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SFS Annual Meeting

Poster Details

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The New Zealand mud snail (NZMS) (Potamopyrgus antipodarum) is an invasive species in the Laurentian Great Lakes where populations have existed since at least 1991, with very recent secondary invasions into rivers and streams. The factors that determine growth rates of populations and individuals have yet to be determined. Since NZMS are considered herbivore/detritivores, the quality and species of leaf litter they consume could affect growth rates, and their success as invaders. In response, a laboratory experiment was conducted in which individual snails were reared on ash, cottonwood, sugar maple, and red oak, and no leaves for 5 weeks. Snail length and leaf decomposition rates were measured weekly. Growth rates significantly differed among leaf species. Cottonwood and ash had the highest growth rates and grew by 54.4% and 46.7% respectively. Snails given maple, oak, and no leaves grew by 19.9%, 14.1%, and 6.1%. Leaf decomposition rates did not differ between species, suggesting that assimilation efficiency, rather than feeding rates, differed among litter species. This research lends insights into how forest community changes in the Great Lakes region could affect NZMS growth and their subsequent invasion success.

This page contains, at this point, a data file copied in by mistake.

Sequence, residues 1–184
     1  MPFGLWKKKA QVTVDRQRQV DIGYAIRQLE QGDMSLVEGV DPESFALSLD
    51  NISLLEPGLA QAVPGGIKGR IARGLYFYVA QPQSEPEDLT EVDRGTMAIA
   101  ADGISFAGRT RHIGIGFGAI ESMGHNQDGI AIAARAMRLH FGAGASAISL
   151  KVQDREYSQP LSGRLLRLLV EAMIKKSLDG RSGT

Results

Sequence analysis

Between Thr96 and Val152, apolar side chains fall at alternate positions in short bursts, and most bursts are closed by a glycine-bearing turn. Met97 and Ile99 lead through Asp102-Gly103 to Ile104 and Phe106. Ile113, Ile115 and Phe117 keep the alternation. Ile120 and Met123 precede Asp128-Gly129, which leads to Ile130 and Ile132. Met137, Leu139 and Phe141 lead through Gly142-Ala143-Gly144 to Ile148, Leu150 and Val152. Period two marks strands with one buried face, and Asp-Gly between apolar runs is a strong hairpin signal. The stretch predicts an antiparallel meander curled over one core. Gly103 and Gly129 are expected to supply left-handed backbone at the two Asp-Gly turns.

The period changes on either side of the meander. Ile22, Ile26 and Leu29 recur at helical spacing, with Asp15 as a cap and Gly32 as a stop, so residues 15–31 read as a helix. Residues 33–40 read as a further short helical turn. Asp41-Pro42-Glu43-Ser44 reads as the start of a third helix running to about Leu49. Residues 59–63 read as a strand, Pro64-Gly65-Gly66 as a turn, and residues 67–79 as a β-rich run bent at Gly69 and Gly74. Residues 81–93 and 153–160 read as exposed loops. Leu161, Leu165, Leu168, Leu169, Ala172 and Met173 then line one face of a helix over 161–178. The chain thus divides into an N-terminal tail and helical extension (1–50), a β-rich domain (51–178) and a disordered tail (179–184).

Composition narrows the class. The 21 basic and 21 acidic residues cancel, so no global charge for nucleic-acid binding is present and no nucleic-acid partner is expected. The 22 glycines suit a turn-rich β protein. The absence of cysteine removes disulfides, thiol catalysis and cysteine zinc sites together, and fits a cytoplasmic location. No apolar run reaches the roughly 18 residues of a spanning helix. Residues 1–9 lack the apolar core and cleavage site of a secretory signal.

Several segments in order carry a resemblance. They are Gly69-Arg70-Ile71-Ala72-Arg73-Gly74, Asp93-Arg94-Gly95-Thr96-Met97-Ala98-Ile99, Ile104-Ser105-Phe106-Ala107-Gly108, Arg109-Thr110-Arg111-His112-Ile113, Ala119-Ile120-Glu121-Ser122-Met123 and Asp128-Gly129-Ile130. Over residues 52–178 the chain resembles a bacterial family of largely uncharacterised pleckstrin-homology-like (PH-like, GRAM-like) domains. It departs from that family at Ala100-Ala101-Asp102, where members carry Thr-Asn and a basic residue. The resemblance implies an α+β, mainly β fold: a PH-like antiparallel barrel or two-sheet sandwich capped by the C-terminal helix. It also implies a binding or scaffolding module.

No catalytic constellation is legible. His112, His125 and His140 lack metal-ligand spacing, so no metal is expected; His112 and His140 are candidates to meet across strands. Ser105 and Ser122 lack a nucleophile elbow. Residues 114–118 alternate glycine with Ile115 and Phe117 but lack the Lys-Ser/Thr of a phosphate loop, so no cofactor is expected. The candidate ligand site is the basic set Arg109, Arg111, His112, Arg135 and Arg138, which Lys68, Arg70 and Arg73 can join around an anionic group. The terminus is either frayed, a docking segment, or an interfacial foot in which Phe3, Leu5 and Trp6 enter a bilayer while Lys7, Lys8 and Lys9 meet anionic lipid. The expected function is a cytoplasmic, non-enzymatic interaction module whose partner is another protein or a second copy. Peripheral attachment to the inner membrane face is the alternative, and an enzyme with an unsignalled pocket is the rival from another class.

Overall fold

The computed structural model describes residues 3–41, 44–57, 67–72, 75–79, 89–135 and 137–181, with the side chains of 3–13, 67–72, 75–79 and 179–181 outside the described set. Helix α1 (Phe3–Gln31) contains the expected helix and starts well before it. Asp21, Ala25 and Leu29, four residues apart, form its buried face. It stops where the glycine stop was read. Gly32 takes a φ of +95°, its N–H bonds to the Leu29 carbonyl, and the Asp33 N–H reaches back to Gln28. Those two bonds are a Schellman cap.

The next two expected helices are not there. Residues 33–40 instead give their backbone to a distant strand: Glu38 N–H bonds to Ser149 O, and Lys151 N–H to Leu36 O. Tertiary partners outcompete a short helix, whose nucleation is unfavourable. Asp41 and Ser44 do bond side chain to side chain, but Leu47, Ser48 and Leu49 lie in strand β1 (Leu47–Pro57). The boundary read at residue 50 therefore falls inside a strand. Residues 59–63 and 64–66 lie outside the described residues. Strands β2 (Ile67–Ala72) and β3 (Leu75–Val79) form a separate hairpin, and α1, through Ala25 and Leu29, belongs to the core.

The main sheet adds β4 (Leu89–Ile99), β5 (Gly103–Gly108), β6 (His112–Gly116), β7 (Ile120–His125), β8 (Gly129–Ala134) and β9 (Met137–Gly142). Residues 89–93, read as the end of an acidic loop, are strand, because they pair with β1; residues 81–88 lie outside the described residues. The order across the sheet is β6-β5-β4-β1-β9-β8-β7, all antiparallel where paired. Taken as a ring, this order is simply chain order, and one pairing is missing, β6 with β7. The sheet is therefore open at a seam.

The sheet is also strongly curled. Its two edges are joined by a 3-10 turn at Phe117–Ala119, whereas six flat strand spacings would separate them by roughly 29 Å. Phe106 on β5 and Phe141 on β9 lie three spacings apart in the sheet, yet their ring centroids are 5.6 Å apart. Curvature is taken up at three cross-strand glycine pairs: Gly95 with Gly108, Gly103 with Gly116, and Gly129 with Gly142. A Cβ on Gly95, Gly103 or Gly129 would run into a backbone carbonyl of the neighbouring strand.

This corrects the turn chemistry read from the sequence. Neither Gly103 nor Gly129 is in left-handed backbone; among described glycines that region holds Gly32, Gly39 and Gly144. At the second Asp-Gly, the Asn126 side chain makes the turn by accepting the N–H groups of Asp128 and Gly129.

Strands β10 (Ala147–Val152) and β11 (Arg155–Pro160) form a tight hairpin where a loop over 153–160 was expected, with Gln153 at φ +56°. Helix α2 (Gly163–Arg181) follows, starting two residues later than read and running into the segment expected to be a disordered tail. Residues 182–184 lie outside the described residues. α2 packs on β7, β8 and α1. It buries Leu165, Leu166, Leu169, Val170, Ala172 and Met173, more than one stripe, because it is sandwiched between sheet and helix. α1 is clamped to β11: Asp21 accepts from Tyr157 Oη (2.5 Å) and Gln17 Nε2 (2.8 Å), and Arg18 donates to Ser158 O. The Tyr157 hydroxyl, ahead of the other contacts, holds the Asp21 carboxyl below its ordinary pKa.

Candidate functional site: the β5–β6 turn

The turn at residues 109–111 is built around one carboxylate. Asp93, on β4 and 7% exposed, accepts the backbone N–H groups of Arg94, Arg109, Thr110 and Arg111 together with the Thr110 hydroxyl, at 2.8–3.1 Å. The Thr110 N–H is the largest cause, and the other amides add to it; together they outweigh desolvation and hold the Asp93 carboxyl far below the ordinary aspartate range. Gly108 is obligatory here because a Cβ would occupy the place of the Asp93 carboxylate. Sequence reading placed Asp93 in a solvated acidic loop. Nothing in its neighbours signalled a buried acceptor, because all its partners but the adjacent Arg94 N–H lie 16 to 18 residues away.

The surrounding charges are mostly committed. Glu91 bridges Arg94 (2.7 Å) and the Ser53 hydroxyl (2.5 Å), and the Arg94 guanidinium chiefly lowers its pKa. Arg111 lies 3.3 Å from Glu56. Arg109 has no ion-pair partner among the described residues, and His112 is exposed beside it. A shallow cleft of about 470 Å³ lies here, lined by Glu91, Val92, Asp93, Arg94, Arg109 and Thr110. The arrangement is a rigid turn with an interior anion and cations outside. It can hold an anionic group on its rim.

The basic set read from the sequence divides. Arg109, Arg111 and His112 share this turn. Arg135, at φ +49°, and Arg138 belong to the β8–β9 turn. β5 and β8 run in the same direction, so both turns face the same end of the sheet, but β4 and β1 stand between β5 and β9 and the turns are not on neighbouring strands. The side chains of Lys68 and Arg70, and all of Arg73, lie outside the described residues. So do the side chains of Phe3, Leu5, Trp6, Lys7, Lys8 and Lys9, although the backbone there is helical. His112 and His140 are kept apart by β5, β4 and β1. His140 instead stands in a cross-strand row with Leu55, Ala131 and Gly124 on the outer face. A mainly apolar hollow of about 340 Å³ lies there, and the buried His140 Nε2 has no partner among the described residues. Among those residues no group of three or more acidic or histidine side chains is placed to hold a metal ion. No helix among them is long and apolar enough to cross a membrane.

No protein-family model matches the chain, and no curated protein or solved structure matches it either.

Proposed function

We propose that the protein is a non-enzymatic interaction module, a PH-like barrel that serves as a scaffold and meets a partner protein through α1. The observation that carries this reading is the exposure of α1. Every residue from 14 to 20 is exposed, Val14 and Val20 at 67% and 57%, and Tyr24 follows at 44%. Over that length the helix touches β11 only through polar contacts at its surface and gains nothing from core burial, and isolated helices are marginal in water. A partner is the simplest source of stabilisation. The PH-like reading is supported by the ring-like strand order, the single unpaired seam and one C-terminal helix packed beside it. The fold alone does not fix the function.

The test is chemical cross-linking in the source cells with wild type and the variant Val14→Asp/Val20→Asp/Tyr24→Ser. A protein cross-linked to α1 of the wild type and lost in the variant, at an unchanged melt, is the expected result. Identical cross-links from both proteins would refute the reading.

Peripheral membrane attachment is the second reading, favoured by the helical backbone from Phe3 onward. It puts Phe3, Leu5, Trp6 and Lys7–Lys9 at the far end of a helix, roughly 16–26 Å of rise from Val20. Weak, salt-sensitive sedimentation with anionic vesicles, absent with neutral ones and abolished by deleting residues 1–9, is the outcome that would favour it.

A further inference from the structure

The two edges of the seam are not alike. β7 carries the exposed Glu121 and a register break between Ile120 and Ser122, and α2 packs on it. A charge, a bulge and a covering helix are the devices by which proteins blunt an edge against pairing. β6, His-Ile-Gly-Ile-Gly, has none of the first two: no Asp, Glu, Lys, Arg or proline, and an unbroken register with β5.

Emily Bovee (Primary Presenter/Author), Dept. of Biological Sciences, Oakland University,;

Jeremy Geist (Co-Presenter/Co-Author), Dept. of Biological Sciences, Oakland University,;

Justine Lawson (Co-Presenter/Co-Author), Dept. of Biological Sciences, Oakland University,;

Scott Tiegs (Co-Presenter/Co-Author), Dept. of Biological Sciences, Oakland University,;